BubbaHo-Tep Review

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by AVForums May 1, 2004 at 12:00 AM

    BubbaHo-Tep Review
    It's hard to know where to start when trying to review a film like Bubba Ho-Tep. My formal training reminds me that people tend to remember only the first paragraph and last paragraph of any article they read. With that in mind I will get this out of the way early on. Bubba Ho-Tep is SUPERB movie-making, so stop reading this review, click on the link at the bottom of the page and order this DVD.....right, done that? O.K on with the review.

    Elvis (Bruce Campbell) is alive, he is eighty something years old and he lives in an old peoples home in East Texas. He has a tumour on his pecker, and he is waiting to die. He spends his days watching the world pass him by in a blur and contemplates his lost youth and flaccid virility, even when his attractive nurse (Ella Joyce) applies ointment to his tallywackle. But Elvis is not the only famous patient in the confines of the Shady Rest Nursing Home. It is also home to JKF (Ossie Davis) who explains to Elvis that his political enemies have had a portion of his brain removed and replaced with sand, and his skin dyed black in order to more conveniently dispose of him. But all is not well in Shady Rest. The undertaker is an increasingly frequent visitor to the rest home, and the strange nocturnal noises are beginning to sound increasingly suspicious to Elvis and JFK. Soon they are on the trail of a deadly Mummy who sucks the souls of the living (through any available bodily orifice) cursing them to an afterlife as the excrement of a Soul Sucker. Elvis and JFK cannot stand the thought of losing their dignity and self respect any more and decide they must team up and kill the Mummy even if it means their lives.

    Directed by Don Coscarelli, who will be known to horror fans as the director of the Phantasm series of movies, Bubba Ho-Tep is an adaptation of a short story by cult horror novelist Joe Lansdale. Coscarelli stumbled upon the story while browsing a bookstore looking for his next project. Despite loving the story he was finding the script a hard sell around the Hollywood majors. Thank god then for the independent filmmakers spirit that eventually got the movie made. Bubba is a joyous experience. Totally hilarious but with a heart and soul the size of Texas, it treats its characters with an honest respect and affection. It avoids the label of camp horror by playing the story straight, and you will soon be accepting that Elvis and a dyed JFK could be seeking redemption by tackling a soul sucking Egyptian mummy with a zimmer frame and a bedpan. It has a Pythonesque surreal and outlandish feel (the thought that a mummy would sit on the loo carving obscenities about the love life of Cleopatra in hieroglyphics on the stall wall had me choking with laughter). And yet it also takes the time to comment on the disposable society we inhabit, when the elderly are abandoned as useless and left to die a lonely death out of the way of public gaze, no matter how great or worthy their life has been.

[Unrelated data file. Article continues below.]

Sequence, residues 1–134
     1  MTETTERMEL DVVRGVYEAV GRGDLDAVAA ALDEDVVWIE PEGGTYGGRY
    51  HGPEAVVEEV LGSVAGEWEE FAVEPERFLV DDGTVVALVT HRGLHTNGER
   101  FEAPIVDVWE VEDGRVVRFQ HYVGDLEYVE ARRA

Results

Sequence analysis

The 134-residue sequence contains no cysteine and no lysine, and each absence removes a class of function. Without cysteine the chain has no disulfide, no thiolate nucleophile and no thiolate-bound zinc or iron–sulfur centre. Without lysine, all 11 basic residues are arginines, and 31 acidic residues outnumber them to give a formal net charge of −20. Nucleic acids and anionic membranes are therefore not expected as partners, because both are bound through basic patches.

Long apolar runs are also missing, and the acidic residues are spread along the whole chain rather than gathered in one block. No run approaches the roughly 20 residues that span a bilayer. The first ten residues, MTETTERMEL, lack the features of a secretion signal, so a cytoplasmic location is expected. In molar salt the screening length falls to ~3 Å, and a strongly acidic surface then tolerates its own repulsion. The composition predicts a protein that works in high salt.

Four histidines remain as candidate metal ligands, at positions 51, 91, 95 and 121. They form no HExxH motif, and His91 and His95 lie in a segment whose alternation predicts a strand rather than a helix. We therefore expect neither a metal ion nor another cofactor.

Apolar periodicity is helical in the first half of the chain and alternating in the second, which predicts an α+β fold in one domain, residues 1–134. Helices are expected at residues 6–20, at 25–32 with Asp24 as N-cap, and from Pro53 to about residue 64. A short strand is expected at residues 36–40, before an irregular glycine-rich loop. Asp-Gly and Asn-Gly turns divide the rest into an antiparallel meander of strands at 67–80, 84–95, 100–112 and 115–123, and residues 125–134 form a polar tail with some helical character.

Bubba Ho-Tep is brought to life by the endearing performances of both Bruce Campbell and Ossie Davis. Their comic timing is exemplary and between them they are the best comedy duo since Morecombe and Wise. Campbell is the essence of an aging Presley and his pathos and sincerity are keys to believability, in what could have been camp and ridiculous. Bubba Ho-Tep is a true gem, once again thank god for the creativity of the independent moviemaker.

    The Rundown

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